What Is the Story of Dracula? – written by Michael Burgan, illustrated by David Malan

 What Is the Story of Dracula? – written by Michael Burgan, illustrated by David Malan, Penguin Workshop, an imprint of Penguin Random House LLC, 9781524788469, 2020

Format: Hardcover

Rating: 1-5 (5 is an excellent or a Starred review) 4

Genre: n/a – Nonfiction

What did you like about the book?  Who HQ has expanded dramatically in the last 18 years and kids still clamor for them!  The latest series explores famous pop culture icons in “What Is the Story of?” giving young readers a glimpse into both history and the creative process behind some of their favorite, or their parents’ favorite characters.

What Is the Story of Dracula? does an excellent job of putting the character in context to give readers a foothold in the world of reality; Burgan explains Stoker’s inspirations spanning from folktales and legends around the globe to the well-known historical figure Vlad the Impaler. Subsequent chapters then succinctly summarize the actual book Dracula, quickly introducing the method of storytelling, the characters, and key points of the plot. The latter half of this book is dedicated to how Dracula (and vampires inspired by him) grew beyond a character in a single story to reach fame on stage, on the silver screen, in many more books, and even in unexpected places like the beloved Muppets!

Burgan’s choice of text and layout of the book make this a quick and easy read for the intended audience; this is one of the main claims to fame Who HQ holds and one of the biggest reasons so many kids love these books. Everything is presented in clear words and no assumption of prior knowledge on the main topic, putting everyone on equal footing, but then delves into smaller facts that can surprise even adult readers.* Malan’s accompanying illustrations portray a variety of information and swing from accurate drawings of people and locations to re-imaginings of book scenes.  While not the star of the title, these illustrations add both atmosphere and all-important breaks to chop up lengthier text blocks.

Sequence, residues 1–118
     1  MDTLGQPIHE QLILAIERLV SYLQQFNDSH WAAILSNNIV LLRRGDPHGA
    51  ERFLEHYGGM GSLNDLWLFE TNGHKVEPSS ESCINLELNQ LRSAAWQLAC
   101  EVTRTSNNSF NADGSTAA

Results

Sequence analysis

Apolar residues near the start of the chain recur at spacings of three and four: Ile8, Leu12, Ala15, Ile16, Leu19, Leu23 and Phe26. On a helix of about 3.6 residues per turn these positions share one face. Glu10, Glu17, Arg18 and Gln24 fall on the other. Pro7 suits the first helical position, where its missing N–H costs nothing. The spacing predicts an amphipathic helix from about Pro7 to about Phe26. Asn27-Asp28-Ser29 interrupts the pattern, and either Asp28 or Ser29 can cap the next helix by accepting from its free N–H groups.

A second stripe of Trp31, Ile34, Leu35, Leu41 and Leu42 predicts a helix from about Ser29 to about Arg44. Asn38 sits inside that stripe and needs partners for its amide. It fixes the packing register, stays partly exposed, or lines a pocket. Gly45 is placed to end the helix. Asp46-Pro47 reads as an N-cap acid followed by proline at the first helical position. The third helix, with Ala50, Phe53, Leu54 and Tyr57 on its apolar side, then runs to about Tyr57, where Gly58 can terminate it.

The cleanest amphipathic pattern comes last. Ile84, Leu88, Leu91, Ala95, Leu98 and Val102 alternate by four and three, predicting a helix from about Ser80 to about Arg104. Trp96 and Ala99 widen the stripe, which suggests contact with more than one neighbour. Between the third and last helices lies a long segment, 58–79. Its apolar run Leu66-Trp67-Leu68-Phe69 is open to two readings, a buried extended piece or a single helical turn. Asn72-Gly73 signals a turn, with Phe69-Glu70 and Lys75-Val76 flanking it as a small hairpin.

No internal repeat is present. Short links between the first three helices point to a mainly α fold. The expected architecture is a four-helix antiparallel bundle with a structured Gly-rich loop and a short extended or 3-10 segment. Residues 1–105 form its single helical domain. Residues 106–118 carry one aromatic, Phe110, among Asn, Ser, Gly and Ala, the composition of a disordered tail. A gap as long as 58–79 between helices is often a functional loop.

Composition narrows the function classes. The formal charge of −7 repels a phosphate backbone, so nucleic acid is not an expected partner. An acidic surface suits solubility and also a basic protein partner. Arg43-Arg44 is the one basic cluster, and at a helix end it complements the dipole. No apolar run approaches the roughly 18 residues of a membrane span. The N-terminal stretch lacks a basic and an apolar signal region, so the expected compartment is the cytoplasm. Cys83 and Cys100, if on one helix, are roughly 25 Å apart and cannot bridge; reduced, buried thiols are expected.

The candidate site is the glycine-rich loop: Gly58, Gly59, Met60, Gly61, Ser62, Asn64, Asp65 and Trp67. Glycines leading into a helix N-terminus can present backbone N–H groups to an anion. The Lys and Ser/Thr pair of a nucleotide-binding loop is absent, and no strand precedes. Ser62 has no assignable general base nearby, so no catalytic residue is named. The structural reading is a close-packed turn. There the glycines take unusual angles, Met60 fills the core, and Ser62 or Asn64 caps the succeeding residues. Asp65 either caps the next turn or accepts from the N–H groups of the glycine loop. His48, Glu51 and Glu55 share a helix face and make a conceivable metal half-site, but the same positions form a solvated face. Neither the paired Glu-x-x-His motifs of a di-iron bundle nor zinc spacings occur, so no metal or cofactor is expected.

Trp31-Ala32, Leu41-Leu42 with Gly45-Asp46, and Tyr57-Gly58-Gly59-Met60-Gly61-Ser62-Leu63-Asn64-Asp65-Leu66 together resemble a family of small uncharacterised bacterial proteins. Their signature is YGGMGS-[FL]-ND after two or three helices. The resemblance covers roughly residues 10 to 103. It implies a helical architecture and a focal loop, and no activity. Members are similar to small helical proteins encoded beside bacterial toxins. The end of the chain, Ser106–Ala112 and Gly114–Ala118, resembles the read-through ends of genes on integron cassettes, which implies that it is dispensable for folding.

Altogether, this is a succinct history, as promised, and will make an excellent addition to youth libraries.

*For example, did you know that in one stage production of Dracula in London, the theatre had to hire nurses to care for patrons who fainted in terror during the production?  I certainly didn’t!

Anything you didn’t like about it?  Just one thing and it’s the smallest complaint you could possibly think of. Much of the book makes great use of each page, including at least one and sometimes even two illustrations per two-page spread and only leaving white space at the end of a chapter. One info box (a cut-away in the middle of a chapter to provide an aside of indirectly-related facts) leaves an entire 2.5 inches of white space; plenty of room for an illustration but not even close to a folly big enough to bring this book down. This small issue jumps out only because the rest of the book is so well-composed.

To whom would you recommend this book?  Any fans of the Who HQ books will love this title as well. You can also direct young fans of the “horror” genre here so they can learn even more about how monsters have been terrorizing audiences long before they were born.

Who should buy this book? Highly recommended to all libraries with an elementary collection.

Where would you shelve it ? J nonfiction

Should we (librarians/readers) put this on the top of our “to read” piles?No.

Reviewer’s Name, Library (or school), City and State: Melissa McCleary, Pembroke Public Library, Pembroke, MA

Date of reviewAugust 23, 2020    

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